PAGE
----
Throughout the latter portion of his run chronicling Wolverine, Jason Aaron very deliberately switched the tone and genre with every successive story arc. This is readily apparent on the previous collection, but also showcased here with three very different tales, previously issued as Wolverine’s Revenge, Goodbye Chinatown and Back in Japan. These are respectively a dark and gritty thriller delving into Wolverine’s past, comedy heavy on the kung-fu and spiritual references, and Japanese style action movie.

In the opener Wolverine tracks down the Red Right Hand, an organisation that’s been attempting to have him killed. The clever aspect is that the present day period spans not much more than minutes in real time, but the flashbacks occupy a century. Both make good use of Wolverine’s healing factor bestowing relative immortality. The individuals comprising the Red Right Hand have legitimate reasons for seeking Wolverine’s death, and much of the narrative focus is on the circumstances leading to these. Aaron’s eventual revelation is a shocker and a coda with Wolverine reflecting on what’s happened is excellent.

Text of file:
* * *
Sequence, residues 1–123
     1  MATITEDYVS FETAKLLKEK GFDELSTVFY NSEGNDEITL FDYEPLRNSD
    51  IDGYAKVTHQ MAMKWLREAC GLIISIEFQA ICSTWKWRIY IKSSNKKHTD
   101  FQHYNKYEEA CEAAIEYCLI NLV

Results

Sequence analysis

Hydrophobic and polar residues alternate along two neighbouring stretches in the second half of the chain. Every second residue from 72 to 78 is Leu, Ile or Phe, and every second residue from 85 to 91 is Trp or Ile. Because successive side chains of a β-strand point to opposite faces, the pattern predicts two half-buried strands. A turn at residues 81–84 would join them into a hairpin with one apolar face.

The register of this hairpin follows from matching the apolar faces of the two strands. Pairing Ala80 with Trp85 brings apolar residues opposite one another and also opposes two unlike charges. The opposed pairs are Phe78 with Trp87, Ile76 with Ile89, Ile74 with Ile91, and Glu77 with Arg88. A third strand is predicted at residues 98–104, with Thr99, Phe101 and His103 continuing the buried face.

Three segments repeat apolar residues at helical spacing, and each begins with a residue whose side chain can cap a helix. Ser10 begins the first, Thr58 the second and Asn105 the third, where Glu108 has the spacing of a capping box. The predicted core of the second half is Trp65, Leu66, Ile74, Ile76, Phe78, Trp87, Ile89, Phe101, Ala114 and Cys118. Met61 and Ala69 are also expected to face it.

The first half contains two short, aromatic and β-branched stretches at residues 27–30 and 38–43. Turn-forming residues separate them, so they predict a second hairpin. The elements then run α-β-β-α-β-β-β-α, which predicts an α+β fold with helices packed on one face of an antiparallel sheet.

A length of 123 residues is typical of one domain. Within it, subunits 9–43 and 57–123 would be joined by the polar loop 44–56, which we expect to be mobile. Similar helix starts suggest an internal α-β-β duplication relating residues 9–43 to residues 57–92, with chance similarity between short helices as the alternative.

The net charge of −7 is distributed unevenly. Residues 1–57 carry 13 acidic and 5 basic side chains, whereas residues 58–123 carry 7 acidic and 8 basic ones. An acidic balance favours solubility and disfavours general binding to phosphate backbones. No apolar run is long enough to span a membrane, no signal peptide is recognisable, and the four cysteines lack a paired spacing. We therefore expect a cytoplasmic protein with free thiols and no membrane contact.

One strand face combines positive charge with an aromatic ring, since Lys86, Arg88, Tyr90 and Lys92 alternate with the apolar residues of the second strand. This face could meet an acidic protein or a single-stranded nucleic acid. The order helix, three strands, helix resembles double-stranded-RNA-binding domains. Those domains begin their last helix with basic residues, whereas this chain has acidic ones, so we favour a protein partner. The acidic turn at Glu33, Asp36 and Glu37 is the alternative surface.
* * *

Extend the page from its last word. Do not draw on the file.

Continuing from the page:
Aaron really enjoys himself with the follow-up, which starts with Wolverine being reminded of his sworn role to protect San Francisco’s Chinatown. It then escalates as Aaron throws in one ludicrous situation after another. The use of Fat Cobra, last seen in Iron Fist, and his voracious appetite for all things, is hilarious and Wolverine is well cast in the role of frustrated straight man as all around him descends into chaos.

Because Aaron is aping the fantastic style of Japanese action movies in the final sequence major suspension of disbelief is required, and it jars considerably with the narrative expectations of Western storytelling, particularly with the conclusion. Aaron’s homage is faithful, but was it wise?

This is also the section requiring the most artists, but that’s not as distancing as it might be as they concentrate on specific characters, and there’s a consistency within that. Only the really tightly controlled pages of Stephen Sanders don’t really work, their precision lacking the grit associated with a Wolverine story. Paco Diaz, Ron Garney, Adam Kubert and Billy Tan draw the remainder, with Steve Dillon handling the bulk of the finale, featuring Sabretooth’s birthday party. It’s a disappointingly mundane conclusion to a fine run for Aaron.

The two artists most featured are Garney and Renato Guedes, whose pages are never showy or spectacular, but the storytelling skills are evident. Both have the right edge of darkness about their work, with Garney having the greater imagination when it comes to layouts. Goran Sudžuka illustrates Wolverine’s contemplative sequence, and he’s very good indeed, able to switch his mood when required, yet loose and gritty.

It’s surely not debated that of all writers who’ve spent an extended time with Wolverine, Aaron is the best, his standards very rarely dropping, and that being the case this Omnibus is a no-brainer for anyone with the money and a yen for a good Wolverine story.